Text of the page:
The project is the world’s largest experiment in coastal storm and flood defense at a time when climate change is causing seas to rise and storms to intensify.
As Wisconsin farmers plant crops this spring, perched in the cabs of big tractors rolling through the fields, many will breathe a sigh of relief that they’re still in the driver's seat.
The child support system that is set up to help children is also having a negative impact on poor families in Baltimore.
Maryland’s child support system often sets up poor families to fail, pulling parents, kids and communities under.
Venezuela's second-largest city, Maracaibo, was at one time the jewel of its petroleum economy. But the city, along with the rest of the country, is now suffering.
Healthcare providers and activists across the United States are developing new ways to identify and respond to cases of sex trafficking among their patients.
Flávio Dino is displacing the poor to benefit the Chinese.
The country's parliamentary elections are a measure of popular support for confrontation with the U.S.
For residents opposed to the socialist regime of President Nicolas Maduro, the 2019 rise of opposition leader Juan Guaido offered a moment of hope that has yet to deliver.
The law known as “enabling child abuse” has been criticized for its unfair sentencing, particularly regarding women. Advocates for criminal justice reform say men walk away with lesser sentences.
Elizabeth Crafton got a 20-year sentence for failing to protect her young daughter from abuse. Her boyfriend, who was convicted of abuse in the case, received an 11-year sentence.
A Wisconsin couple spent Valentine's Day together during their deployment in western Ukraine.
In rural Kentucky, Hands Across the Hills works to mend the political divide between Americans as the group tries to find common ground.
Tom Gardner discusses his reporting as he follows the railway from Addis Ababa to the Djibouti coast examining efforts of the Ethiopian government to use grand infrastructure to develop a poor region.
Journalist Timothy McLaughlin reports on domestic developments in Myanmar surrounding the Rakhine crisis as well as the case of two Reuters journalists currently on trial for their reporting.
Inter(Nation)al is a pilot podcast and radio project that shows the hidden history behind current events through the lens of treaties signed between the U.S. Government and Native Nations.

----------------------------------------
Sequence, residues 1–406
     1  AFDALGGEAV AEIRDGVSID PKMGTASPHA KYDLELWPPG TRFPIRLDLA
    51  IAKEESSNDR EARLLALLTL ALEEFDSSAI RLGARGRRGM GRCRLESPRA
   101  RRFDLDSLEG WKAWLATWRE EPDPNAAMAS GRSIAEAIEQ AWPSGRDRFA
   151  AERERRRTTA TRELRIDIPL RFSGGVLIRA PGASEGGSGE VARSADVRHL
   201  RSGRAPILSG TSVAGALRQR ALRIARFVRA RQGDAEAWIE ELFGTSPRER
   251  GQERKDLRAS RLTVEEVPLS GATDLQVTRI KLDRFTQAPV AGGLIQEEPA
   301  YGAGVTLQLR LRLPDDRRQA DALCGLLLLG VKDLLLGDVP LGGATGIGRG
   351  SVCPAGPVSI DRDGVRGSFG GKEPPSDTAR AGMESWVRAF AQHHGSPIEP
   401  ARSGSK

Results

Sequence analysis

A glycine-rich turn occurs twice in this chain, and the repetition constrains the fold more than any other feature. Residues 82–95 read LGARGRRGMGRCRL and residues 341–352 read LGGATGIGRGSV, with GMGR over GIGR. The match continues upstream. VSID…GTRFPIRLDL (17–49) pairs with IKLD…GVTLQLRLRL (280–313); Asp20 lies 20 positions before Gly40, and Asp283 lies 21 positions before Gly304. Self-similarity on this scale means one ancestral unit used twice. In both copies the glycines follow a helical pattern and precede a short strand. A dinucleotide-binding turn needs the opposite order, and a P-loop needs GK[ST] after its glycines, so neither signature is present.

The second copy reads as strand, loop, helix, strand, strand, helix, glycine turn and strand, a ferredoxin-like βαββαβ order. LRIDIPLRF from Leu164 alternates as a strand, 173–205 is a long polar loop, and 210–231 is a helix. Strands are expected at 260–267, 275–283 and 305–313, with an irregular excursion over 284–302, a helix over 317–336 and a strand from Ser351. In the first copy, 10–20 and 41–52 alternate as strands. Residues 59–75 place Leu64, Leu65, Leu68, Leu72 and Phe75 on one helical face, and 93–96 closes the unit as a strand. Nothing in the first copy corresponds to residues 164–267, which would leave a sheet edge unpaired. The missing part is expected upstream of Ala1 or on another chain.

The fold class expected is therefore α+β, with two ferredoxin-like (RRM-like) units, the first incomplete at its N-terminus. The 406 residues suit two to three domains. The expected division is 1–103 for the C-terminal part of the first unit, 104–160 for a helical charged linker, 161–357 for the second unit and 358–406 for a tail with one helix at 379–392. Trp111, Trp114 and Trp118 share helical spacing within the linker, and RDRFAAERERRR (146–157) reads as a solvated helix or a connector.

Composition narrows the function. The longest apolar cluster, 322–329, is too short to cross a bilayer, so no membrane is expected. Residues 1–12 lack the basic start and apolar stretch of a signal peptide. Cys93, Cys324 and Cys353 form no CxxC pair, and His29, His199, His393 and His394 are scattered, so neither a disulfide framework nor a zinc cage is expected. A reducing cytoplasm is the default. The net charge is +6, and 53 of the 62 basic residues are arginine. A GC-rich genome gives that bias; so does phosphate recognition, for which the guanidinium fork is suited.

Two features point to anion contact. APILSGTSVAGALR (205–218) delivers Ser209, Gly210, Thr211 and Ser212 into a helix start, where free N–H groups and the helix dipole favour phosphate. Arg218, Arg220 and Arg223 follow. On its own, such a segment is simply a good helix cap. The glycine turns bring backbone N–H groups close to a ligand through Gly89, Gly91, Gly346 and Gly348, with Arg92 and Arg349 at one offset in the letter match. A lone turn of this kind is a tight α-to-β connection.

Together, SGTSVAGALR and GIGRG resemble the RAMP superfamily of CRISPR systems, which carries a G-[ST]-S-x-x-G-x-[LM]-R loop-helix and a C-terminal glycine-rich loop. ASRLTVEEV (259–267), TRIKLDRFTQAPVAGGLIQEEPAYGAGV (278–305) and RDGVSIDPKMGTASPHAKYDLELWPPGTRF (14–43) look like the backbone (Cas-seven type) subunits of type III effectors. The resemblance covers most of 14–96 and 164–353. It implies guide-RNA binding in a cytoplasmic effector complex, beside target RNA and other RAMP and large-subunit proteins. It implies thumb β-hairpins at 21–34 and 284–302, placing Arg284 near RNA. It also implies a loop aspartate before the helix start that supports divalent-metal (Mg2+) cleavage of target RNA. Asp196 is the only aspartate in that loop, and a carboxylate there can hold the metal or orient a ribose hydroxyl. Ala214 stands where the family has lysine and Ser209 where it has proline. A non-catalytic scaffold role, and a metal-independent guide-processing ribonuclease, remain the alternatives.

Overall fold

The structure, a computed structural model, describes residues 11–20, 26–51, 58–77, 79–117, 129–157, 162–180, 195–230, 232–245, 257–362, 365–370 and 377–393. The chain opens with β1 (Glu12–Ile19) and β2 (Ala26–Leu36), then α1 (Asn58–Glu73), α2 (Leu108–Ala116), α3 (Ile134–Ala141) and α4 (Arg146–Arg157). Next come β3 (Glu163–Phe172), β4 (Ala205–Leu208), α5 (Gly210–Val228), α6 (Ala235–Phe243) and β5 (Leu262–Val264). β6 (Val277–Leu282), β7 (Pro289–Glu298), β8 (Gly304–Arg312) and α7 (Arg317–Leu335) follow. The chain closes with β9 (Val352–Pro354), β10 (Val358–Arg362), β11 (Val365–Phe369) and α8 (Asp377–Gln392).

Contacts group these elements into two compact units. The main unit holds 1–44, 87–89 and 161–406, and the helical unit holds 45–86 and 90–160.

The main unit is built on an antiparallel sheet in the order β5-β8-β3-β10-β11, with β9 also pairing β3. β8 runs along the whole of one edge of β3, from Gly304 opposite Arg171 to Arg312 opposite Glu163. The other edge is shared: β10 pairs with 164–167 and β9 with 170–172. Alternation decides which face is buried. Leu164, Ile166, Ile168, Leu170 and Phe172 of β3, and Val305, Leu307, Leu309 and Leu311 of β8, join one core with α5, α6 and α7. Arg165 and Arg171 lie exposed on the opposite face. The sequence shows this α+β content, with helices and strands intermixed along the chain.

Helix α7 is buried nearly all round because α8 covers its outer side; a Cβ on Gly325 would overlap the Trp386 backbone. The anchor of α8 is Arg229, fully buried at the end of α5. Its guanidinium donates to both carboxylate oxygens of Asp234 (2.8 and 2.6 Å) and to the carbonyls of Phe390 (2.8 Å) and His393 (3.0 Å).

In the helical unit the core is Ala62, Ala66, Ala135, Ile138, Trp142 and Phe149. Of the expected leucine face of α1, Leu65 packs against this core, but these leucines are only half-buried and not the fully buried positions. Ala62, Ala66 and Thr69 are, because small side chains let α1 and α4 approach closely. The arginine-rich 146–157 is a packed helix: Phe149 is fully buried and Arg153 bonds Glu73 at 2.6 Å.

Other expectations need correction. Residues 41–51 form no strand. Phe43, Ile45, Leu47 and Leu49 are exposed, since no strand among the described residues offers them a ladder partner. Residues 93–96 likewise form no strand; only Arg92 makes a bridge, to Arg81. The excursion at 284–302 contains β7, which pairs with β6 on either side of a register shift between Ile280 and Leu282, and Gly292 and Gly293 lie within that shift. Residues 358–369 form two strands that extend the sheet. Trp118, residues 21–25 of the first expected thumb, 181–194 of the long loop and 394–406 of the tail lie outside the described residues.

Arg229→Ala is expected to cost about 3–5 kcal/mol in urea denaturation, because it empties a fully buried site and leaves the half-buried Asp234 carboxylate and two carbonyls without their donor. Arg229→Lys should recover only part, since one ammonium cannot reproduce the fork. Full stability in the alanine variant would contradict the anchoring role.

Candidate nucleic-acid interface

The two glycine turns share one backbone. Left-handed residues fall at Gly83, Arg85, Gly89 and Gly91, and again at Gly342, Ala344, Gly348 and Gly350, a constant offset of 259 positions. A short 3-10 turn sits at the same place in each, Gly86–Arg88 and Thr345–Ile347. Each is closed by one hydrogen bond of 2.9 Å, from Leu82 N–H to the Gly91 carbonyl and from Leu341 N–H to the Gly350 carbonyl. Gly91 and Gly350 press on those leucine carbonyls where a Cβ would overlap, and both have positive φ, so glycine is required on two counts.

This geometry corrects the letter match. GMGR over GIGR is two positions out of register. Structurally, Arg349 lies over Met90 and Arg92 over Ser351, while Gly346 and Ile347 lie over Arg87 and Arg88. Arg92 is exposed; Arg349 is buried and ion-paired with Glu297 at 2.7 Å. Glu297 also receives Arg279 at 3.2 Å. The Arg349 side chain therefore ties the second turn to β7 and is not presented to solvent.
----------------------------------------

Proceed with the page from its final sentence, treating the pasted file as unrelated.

What is the legacy of deportations in El Salvador? Jonathan Blitzer covers the issue in a series of stories for The New Yorker Magazine.
Journalists Dene-Hern Chen and Taylor Weidman look into the rising sea levels and the returning number of fish in the Aral Sea, providing a better economy for fishermen in Kazakhstan.
Sara Reardon, Adam Levy, and Greg Kendall-Ball take you behind the challenges Colombia faces as it reintegrates tens of thousands of people back into society following the 2016 peace treaty.
Phil Caller and Tania Rashid discuss their three-part series for PBS NewsHour on the Rohingya refugee crisis—reporting on the mass exodus, rape, child marriage, and human trafficking—and finding a strong will to live and tenacity among the people.
Take a look inside the classrooms at Kakuma refugee camp and see how the children are struggling to stay in school.
Churches in Ghana are booming and pastors have become some of the richest and most powerful people. But at what price? "Prophets and profits" investigates this boom and its consequences.
TIME reporter Molly Ball looks into Cambodia's press crackdown and the future of democracy.
As fighting uproots more than a million people, Jack Losh travels to the Central African Republic to report on the country's civil war and humanitarian crisis.
Scott Anderson, co-author of The New York Times Magazine's "Fractured Lands," speaks about his reporting on MSNBC's "Morning Joe."
The Pulitzer Center marked its first decade with the announcement of a $12 million endowment challenge grant. Video highlights from a celebration dinner in New York.
To mark our ten-year anniversary we decided to tell our story in a new way: an animated tour!
Grantee Sally Jacobs discusses Obama's trip to Cuba with reporters Christopher Muther and Doug Struck.
"Defending the Koshi" by Pulitzer Center's 2013 student fellows, Steve Matzker and Jennifer Gonzalez, will screen as an "Official Selection" at the 13th Kathmandu International Mountain Film Festival.
Video highlights of the 2015 Pulitzer Center Student Fellows Washington Weekend.
Student fellows learn the trade of shaping and pitching from a panel of veteran journalists and editors at this year's Washington Weekend.
Journalists and public health experts join Liberian deputy minister of health at Johns Hopkins Bloomberg to share stories of 'heroism and unimaginable loss' in West Africa.
Gaiutra Bahadur reflects on the making of "The Terror and the Time," a film that chronicles the events of 1953 in British Guiana with the election resulting in the suspension of the constitution.
Interested in the Pulitzer Center's education work? Check out this explainer video by Pulitzer Center staffers Steve Sapienza and Evey Wilson.
Journalist Joanne Silberner and Health Projects Coordinator Emily Baumgaertner appear on "This Week in Global Health."
View 2014 Campus Consortium symposium with journalists and professors focusing on human rights and the global fight against AIDS at Johns Hopkins Bloomberg School of Public Health.